It's maybe a little small, but that looks right. Now to evaluate our partial derivative $\frac{\partial \phi}{\partial x}$ is a trivial task.

In [4]:

```
phiprime = phi.diff(x)
phiprime
```

Out[4]:

If you want to see the unrendered version, just use the Python print command.

In [5]:

```
print(phiprime)
```

Now that we have the Pythonic version of our derivative, we can finish writing out the full initial condition equation and then translate it into a usable Python expression. For this, we'll use the *lambdify* function, which takes a SymPy symbolic equation and turns it into a callable function.

In [6]:

```
from sympy.utilities.lambdify import lambdify
u = -2 * nu * (phiprime / phi) + 4
print(u)
```

To lambdify this expression into a useable function, we tell lambdify which variables to request and the function we want to plug them in to.

In [7]:

```
ufunc = lambdify((t, x, nu), u)
print(ufunc(1, 4, 3))
```

Now that we have the initial conditions set up, we can proceed and finish setting up the problem. We can generate the plot of the initial condition using our lambdify-ed function.

In [8]:

```
from matplotlib import pyplot
%matplotlib inline
###variable declarations
nx = 101
nt = 100
dx = 2 * numpy.pi / (nx - 1)
nu = .07
dt = dx * nu
x = numpy.linspace(0, 2 * numpy.pi, nx)
un = numpy.empty(nx)
t = 0
u = numpy.asarray([ufunc(t, x0, nu) for x0 in x])
u
```

Out[8]:

In [9]:

```
pyplot.figure(figsize=(11, 7), dpi=100)
pyplot.plot(x, u, marker='o', lw=2)
pyplot.xlim([0, 2 * numpy.pi])
pyplot.ylim([0, 10]);
```

This is definitely not the hat function we've been dealing with until now. We call it a "saw-tooth function". Let's proceed forward and see what happens.

One of the big differences between Step 4 and the previous lessons is the use of *periodic* boundary conditions. If you experiment with Steps 1 and 2 and make the simulation run longer (by increasing `nt`

) you will notice that the wave will keep moving to the right until it no longer even shows up in the plot.

With periodic boundary conditions, when a point gets to the right-hand side of the frame, it *wraps around* back to the front of the frame.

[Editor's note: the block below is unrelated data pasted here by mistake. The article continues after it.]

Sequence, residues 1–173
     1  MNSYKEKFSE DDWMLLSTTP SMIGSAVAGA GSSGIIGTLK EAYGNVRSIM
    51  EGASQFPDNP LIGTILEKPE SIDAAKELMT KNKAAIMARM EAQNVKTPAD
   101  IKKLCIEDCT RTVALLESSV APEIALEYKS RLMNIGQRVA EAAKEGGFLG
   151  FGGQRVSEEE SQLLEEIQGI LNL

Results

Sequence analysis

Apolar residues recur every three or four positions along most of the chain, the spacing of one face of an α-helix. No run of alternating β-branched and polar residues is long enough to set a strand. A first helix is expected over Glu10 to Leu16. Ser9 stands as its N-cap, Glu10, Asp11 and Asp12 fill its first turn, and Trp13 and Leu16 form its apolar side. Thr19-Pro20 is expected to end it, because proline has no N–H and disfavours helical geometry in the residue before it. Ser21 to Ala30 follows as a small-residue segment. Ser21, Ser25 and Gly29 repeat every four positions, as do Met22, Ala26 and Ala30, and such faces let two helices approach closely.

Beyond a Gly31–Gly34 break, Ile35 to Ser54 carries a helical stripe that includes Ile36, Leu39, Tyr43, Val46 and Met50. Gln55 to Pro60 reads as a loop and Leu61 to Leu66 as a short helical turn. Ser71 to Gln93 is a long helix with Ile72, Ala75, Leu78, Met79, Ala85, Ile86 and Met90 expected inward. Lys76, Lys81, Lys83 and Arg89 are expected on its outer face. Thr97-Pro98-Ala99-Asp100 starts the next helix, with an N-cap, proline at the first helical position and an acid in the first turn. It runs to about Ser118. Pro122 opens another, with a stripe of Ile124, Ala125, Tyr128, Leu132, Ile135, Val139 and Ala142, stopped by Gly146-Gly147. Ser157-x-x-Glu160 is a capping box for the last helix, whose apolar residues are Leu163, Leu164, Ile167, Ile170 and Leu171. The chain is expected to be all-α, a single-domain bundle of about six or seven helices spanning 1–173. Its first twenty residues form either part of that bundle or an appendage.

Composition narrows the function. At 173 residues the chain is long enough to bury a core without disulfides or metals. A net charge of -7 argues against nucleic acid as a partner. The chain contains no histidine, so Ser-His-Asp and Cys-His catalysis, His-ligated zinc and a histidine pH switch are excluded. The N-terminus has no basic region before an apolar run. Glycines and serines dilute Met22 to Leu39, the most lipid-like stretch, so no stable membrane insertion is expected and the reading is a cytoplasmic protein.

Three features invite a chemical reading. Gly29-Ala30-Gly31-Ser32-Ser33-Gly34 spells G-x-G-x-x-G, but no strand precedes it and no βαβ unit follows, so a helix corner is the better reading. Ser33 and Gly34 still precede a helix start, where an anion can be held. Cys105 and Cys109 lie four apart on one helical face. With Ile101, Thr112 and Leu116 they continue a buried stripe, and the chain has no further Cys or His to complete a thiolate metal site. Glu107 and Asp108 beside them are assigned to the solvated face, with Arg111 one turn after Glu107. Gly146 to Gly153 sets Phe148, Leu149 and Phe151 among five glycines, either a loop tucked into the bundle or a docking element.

Recall the discretization that we worked out at the beginning of this notebook:

$$u_i^{n+1} = u_i^n - u_i^n \frac{\Delta t}{\Delta x} (u_i^n - u_{i-1}^n) + \nu \frac{\Delta t}{\Delta x^2}(u_{i+1}^n - 2u_i^n + u_{i-1}^n)$$

What does $u_{i+1}^n$ *mean* when $i$ is already at the end of the frame?

Think about this for a minute before proceeding.

In [10]:

```
for n in range(nt):
un = u.copy()
for i in range(1, nx-1):
u[i] = un[i] - un[i] * dt / dx *(un[i] - un[i-1]) + nu * dt / dx**2 *\
(un[i+1] - 2 * un[i] + un[i-1])
u[0] = un[0] - un[0] * dt / dx * (un[0] - un[-2]) + nu * dt / dx**2 *\
(un[1] - 2 * un[0] + un[-2])
u[-1] = u[0]
u_analytical = numpy.asarray([ufunc(nt * dt, xi, nu) for xi in x])
```

In [11]:

```
pyplot.figure(figsize=(11, 7), dpi=100)
pyplot.plot(x,u, marker='o', lw=2, label='Computational')
pyplot.plot(x, u_analytical, label='Analytical')
pyplot.xlim([0, 2 * numpy.pi])
pyplot.ylim([0, 10])
pyplot.legend();
```

The subsequent steps, from 5 to 12, will be in two dimensions. But it is easy to extend the 1D finite-difference formulas to the partial derivatives in 2D or 3D. Just apply the definition â€” a partial derivative with respect to $x$ is the variation in the $x$ direction *while keeping $y$ constant*.

Before moving on to Step 5, make sure you have completed your own code for steps 1 through 4 and you have experimented with the parameters and thought about what is happening. Also, we recommend that you take a slight break to learn about array operations with NumPy.

In [12]:

```
from IPython.core.display import HTML
def css_styling():
styles = open("../styles/custom.css", "r").read()
return HTML(styles)
css_styling()
```

Out[12]: